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3 Seahawks Questions: Will NFC West showdown with Cards be settled in the red zone?

Arizona's success in the red zone with Kyler Murray is second only to the Seahawks. (Getty)

The Seahawks will head to Arizona to face the 4-2 Cardinals for their first NFC West matchup. The game was flexed to Sunday night late in the week, but it’s a fitting contest for primetime. After all, weird things tend to happen between these two teams, including the only tie under Pete Carroll and an unexpected final game in a Seahawks uniform from Richard Sherman and Kam Chancellor.

Three things we’ve learned about the Seahawks from their 5-0 start

Both teams are riding high – the Cards coming off a dominating win over the Dallas Cowboys, and the Hawks entering the game with a 5-0 record and a healthier roster after a bye.

The biggest challenge for Seattle is obvious, but that’s just the first of three big questions this Seahawks team will face Sunday:

Can the Seahawks’ D contain Kyler Murray in the red zone?

Sunday will bring a meeting of the league’s top two red zone offenses. The Seahawks are scoring touchdowns in the red zone on a league-leading 89 percent of visits, while the Cardinals are in second place at 80 percent.

While Seattle has scored more in those situations, the Cardinals’ defense has been more stout than Seattle’s inside the 20. The Cardinals have allowed opponents to score a touchdown on just 42 percent of red zone visits; the Seahawks, on the other hand, have allowed touchdowns on 65 percent of their opponents’ trips inside the red zone.

Part of what makes Arizona’s offense so dangerous is quarterback Kyler Murray’s dynamic ability both as a passer and as a runner. The second-year pro has 10 touchdowns on the year and ranks 10th in attempts (205). Much like the Seahawks, the Cardinals have seen a step forward for their offensive line – it just happens to be a slightly bigger step. Murray has been sacked just nine times this year, among the fewest for any regular starter.

“If you watch him, he’s so fast,” linebacker Bobby Wagner explained during a Wednesday press conference. “When you get down there you’ve got all the weapons. You’ve got D-Hop (DeAndre Hopkins), you’ve got (Larry) Fitzgerald, you’ve got (Kenyan) Drake, you’ve got so many different people that sometimes you forget he’s a weapon too. So, they’ll start the play and make it seem like it’s a pass play and then he’ll just take it off and run it in and it’ll be a designed draw… We need to have our eyes on him at all times.”

The Seahawks’ defense has allowed the most net yards per game (471) of any team, but they’ve also made big plays when it’s mattered most and have seven interceptions. Those game-changing moments (along with a top-scoring offense) have lifted the Seahawks to second place in turnover differential (+6). Can they count on those big plays against another dangerous offense?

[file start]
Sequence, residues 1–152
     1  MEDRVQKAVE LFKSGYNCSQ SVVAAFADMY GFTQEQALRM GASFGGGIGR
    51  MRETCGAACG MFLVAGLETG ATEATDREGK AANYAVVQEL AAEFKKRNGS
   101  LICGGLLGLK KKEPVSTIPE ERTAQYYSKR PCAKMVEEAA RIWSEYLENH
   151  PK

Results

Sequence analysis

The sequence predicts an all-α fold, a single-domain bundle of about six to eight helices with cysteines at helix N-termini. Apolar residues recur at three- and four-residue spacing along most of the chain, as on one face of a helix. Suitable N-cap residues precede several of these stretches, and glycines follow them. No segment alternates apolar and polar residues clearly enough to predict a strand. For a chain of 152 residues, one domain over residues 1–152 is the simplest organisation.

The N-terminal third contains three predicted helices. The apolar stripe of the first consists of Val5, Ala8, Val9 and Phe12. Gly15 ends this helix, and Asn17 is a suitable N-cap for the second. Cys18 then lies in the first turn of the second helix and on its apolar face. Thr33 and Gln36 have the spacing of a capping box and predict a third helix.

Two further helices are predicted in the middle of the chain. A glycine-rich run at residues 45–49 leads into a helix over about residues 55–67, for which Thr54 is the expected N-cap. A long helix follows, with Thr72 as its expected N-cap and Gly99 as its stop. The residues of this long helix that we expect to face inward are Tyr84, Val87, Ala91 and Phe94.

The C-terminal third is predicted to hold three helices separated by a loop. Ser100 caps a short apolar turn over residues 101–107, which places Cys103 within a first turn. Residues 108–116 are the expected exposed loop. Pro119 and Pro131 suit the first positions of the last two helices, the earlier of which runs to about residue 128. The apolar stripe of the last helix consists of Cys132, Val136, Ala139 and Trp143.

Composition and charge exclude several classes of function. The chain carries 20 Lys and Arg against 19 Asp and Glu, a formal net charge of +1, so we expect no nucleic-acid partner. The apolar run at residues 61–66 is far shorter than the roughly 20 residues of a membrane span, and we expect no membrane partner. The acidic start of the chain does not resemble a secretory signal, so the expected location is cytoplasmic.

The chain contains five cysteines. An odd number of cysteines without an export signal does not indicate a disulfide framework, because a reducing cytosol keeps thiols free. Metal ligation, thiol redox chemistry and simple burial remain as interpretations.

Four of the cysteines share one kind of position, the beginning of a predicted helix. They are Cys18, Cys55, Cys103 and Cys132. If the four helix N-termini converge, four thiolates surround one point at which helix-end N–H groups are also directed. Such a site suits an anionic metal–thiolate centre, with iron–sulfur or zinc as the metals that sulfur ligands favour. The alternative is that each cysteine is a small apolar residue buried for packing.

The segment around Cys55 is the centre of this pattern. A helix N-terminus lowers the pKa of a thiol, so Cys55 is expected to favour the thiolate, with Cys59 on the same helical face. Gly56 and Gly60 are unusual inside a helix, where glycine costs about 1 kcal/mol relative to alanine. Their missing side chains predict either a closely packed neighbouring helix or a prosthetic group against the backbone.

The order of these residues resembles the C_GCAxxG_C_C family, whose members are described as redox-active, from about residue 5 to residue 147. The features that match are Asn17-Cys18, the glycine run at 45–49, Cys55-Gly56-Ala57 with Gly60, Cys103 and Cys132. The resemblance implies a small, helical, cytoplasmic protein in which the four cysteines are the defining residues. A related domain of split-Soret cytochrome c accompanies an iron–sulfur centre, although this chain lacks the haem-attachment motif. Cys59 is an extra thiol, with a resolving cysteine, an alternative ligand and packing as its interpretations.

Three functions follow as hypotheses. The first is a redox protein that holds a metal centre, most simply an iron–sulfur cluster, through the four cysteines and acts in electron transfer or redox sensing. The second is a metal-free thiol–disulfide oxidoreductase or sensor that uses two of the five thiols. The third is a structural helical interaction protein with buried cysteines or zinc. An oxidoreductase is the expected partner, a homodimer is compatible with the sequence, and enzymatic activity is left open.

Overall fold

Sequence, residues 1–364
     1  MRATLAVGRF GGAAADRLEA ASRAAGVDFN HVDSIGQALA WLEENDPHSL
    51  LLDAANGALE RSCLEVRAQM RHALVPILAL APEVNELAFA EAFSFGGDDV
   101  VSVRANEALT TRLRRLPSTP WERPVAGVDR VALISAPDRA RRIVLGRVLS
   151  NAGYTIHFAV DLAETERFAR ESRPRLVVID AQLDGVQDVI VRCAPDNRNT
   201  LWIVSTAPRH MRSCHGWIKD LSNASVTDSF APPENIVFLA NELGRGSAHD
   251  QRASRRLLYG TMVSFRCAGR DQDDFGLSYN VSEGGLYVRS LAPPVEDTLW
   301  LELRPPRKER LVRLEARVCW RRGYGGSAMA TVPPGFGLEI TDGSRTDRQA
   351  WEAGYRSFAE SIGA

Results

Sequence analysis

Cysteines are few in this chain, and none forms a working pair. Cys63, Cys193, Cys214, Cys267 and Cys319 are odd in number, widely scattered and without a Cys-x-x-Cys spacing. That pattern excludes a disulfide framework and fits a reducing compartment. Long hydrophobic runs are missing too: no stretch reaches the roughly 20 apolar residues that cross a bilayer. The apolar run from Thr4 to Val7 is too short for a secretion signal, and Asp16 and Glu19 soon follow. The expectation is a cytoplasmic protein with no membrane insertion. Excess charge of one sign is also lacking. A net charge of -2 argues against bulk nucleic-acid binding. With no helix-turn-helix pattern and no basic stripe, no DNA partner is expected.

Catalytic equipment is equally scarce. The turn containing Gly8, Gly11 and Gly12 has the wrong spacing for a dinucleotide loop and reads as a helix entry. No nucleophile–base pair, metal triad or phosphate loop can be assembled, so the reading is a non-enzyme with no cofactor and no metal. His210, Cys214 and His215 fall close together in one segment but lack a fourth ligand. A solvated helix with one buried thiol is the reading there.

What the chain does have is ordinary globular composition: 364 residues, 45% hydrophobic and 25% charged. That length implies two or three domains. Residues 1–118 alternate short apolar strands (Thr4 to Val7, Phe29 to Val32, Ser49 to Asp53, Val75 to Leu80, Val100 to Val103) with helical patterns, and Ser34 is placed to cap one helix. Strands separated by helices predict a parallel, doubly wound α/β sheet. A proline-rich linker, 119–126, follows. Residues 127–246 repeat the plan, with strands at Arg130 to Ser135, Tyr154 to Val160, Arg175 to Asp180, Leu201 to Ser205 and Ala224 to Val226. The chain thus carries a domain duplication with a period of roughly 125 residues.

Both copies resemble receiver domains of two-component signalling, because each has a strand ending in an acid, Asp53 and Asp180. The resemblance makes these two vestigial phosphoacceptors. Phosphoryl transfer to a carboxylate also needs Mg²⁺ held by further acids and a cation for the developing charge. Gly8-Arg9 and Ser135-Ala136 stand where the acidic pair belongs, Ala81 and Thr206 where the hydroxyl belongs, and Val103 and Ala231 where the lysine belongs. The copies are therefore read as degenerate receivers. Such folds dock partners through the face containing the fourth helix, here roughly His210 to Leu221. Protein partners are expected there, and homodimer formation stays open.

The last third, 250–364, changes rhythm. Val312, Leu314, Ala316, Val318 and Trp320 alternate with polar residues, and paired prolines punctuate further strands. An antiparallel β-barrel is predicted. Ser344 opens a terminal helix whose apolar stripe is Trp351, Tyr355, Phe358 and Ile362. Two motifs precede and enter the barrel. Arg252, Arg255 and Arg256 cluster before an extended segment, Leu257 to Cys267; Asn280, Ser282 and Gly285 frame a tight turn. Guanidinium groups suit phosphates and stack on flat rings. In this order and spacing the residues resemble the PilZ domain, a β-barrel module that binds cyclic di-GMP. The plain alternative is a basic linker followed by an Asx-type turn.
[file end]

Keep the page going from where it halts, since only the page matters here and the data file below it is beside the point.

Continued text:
Which star receiver has the biggest day?

Two of Sunday’s biggest playmakers won’t literally be facing off at the same time, but they’ll certainly be compared to one another all day.

Second-year Seahawks wide receiver DK Metcalf is second in the league in receiving yards per game (99.2), behind only Arizona’s DeAndre Hopkins (100.2). The two receivers have also been part of big plays: Metcalf has eight receptions of 20 or more yards, while Hopkins has seven such plays. Hopkins also leads the league in receiving yards (Metcalf is eighth, though that’s with a bye week).

Metcalf met his sky-high potential in his rookie season and has continued to impress through five weeks of 2020. Unfortunately for the young receiver, he’ll have his work cut out for him against Arizona’s defense. The Cardinals have limited opponents to just 18.7 points per game, which is the second fewest in the league, and 226 passing yards per game (11th fewest). On the other hand, he’ll be targeted by Russell Wilson as opposed to Murray. And despite a promising second year from the Cards’ quarterback, there’s a reason Wilson is leading the MVP debate: his 19 touchdowns and 129.8 passer rating are league highs.

Can the Seahawks get healthier in Week 7?

The Seahawks are waiting on the return of a few players. Running back Carlos Hyde (shoulder) adds another weapon to the Hawks’ run game, and Arizona’s defense is allowing nearly 120 yards from opposing running backs. Hyde has been a limited participant in practice this week after missing the last two games.

Key among those injuries, though, is safety Jamal Adams, who has been sidelined since suffering a groin injury in Week 3.

Adams was held out of a second consecutive day of practice Thursday. While Carroll has been optimistic about Adams’ return, he’s also been noncommittal about a start this Sunday.

“We need more information there,” Carroll said of Adams.

Of note, Seattle’s head coach added there was no setback with Adams’ recovery.

Whether or not a return happens this weekend, fans are eager to see what this secondary looks like when everyone is healthy at the same time. Safety Quandre Diggs missed most of Week 2 after being ejected early in the game, and Adams and cornerback Quinton Dunbar have missed most or all of Weeks 3 and 4. Dunbar returned for Week 5, but Adams remained out.

Getting this full secondary back together may not push Seattle’s defense from the bottom of the league to the top of the pack, but it could be the boost Seattle needs to be a Super Bowl team.


Who scores first: Cardinals
Who scores last: Seahawks
Who has the first turnover: Seahawks
Which defense gives up more yards: Cardinals (I know, I might regret this)
Final score: Seahawks 23, Cardinals 21

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